Using a deceptively simple antenna roughly the size and shape of a dinner table, radio astronomers have made an unprecedented discovery: telltale fingerprints from the earliest stars in the cosmos, pressed into the afterglow of the universe's birth.
That signal, imprinted more deeply into the Big Bang's afterglow than scientists expected, could reveal much about the universe's youth and hint at the nature of dark matter, that mysterious substance that far outweighs all the normal matter in existence.
The findings and the theoretical work describing dark matter's potential role, described in two papers in the journal Nature, excited theoretical and experimental physicists alike.
"To my mind ... it's Nobel Prize-worthy twice, if it's real," said Avi Loeb, a Harvard University theoretical astrophysicist who was not involved in the research. "Not only did they detect the signal, but it actually is bigger than one can accommodate in the standard cosmological model. And you need new physics in order to explain a signal as big as they detected."
The first stars in the universe, born on the order of 100 million years after the Big Bang, some 13.8 billion years ago, were not like the stars of today. Because they coalesced out of the soup of neutral hydrogen (and a little helium) that filled the early cosmos, these stars grew large, burned bright and blue and then died quickly, probably surviving around 100 million years, give or take. (Our own sun, by comparison, is already 4.6 billion years old and has billions more years to go.)
When these short-lived stars went supernova, their explosive deaths forged heavier elements that seeded generations of stars to come. So understanding that stellar vanguard that brought light to the universe is key to understanding all the stars in galaxies today.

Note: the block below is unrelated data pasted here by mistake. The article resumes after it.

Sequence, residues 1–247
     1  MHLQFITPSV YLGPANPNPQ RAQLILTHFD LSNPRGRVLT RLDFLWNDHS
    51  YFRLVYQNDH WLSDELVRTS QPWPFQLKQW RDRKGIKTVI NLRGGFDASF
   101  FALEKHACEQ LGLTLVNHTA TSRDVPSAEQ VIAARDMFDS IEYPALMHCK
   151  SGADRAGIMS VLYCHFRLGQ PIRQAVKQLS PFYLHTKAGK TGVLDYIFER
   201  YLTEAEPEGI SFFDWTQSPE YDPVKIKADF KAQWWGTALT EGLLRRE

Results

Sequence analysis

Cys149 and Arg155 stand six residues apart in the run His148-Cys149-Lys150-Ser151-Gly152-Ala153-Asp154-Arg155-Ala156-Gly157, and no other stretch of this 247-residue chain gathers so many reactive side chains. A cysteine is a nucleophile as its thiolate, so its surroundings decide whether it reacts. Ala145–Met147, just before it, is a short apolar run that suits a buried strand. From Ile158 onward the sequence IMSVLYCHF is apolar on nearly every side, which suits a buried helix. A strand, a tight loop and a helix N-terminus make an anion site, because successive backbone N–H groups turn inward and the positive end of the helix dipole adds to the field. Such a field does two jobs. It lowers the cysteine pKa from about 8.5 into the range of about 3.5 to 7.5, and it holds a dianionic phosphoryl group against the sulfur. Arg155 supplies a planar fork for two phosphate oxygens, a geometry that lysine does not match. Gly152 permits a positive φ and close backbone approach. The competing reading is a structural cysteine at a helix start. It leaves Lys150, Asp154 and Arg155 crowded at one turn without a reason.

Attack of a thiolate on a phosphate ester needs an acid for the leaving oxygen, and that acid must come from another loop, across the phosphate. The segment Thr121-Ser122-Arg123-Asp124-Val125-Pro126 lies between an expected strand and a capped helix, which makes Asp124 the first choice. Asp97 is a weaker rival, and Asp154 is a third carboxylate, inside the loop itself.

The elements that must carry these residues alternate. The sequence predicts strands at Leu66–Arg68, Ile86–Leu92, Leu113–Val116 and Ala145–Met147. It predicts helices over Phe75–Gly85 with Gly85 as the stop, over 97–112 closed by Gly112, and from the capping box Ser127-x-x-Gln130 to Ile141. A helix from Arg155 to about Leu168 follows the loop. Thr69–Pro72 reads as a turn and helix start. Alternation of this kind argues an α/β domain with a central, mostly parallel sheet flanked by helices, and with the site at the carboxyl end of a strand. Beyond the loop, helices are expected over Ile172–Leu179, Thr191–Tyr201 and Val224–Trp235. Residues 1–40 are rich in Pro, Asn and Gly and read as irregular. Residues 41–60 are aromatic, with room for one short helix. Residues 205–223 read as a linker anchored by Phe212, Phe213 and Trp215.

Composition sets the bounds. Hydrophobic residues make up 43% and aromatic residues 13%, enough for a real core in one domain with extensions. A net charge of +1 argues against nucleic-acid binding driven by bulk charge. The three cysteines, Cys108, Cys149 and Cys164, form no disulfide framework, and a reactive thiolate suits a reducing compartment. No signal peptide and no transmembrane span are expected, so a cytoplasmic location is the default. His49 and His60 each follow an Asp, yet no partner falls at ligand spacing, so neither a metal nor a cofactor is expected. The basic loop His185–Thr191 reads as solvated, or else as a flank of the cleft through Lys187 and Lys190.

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"We knew they should be different, and they really lay the seeds for everything that comes after them," lead author Judd Bowman, an experimental astrophysicist at Arizona State University, said of these primordial stars.
But it's exceedingly difficult to glimpse actual evidence of those first stars, and thus to get a firm grip on the timeline of events in this epoch of cosmic history. That's partly because there aren't a lot of stars to see in this early era. But it's also because the universe is expanding, and that expansion is stretching that ancient starlight into longer, "redder" wavelengths. That means that even NASA's Hubble Space Telescope, which has been able to see galaxies from 400 million years or so after the Big Bang, can't spot them.
In a project dubbed EDGES (short for Experiment to Detect Global EoR Signature), Bowman and his colleagues decided to take a different approach. In recent years, astronomers have studied the radiation afterglow of the Big Bang, known as the cosmic microwave background, or CMB. This radiation is subtle but extends over the entire sky, and astronomers have studied its tiny fluctuations in order to understand the underlying structure of the early universe.
The scientists realized that the cosmic microwave background, mixed with that soup of neutral hydrogen, might actually hold a subtle fingerprint from those primordial stars. That's because ultraviolet starlight would have shifted the hydrogen atoms' energy state, allowing them to absorb a particular wavelength out of the cosmic microwave background. Somewhere in the wavelengths that make up the CMB, they'd find this telltale slice of missing light.